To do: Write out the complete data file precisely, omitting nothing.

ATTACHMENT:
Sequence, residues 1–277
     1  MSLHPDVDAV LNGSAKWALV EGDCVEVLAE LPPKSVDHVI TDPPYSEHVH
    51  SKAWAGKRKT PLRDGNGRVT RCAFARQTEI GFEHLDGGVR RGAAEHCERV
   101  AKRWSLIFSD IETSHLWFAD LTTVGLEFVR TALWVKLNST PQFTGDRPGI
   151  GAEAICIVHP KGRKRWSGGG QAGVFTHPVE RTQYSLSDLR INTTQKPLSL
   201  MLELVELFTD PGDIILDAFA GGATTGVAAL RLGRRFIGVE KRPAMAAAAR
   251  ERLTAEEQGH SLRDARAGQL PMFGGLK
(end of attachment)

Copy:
Sequence, residues 1–277
     1  MSLHPDVDAV LNGSAKWALV EGDCVEVLAE LPPKSVDHVI TDPPYSEHVH
    51  SKAWAGKRKT PLRDGNGRVT RCAFARQTEI GFEHLDGGVR RGAAEHCERV
   101  AKRWSLIFSD IETSHLWFAD LTTVGLEFVR TALWVKLNST PQFTGDRPGI
   151  GAEAICIVHP KGRKRWSGGG QAGVFTHPVE RTQYSLSDLR INTTQKPLSL
   201  MLELVELFTD PGDIILDAFA GGATTGVAAL RLGRRFIGVE KRPAMAAAAR
   251  ERLTAEEQGH SLRDARAGQL PMFGGLK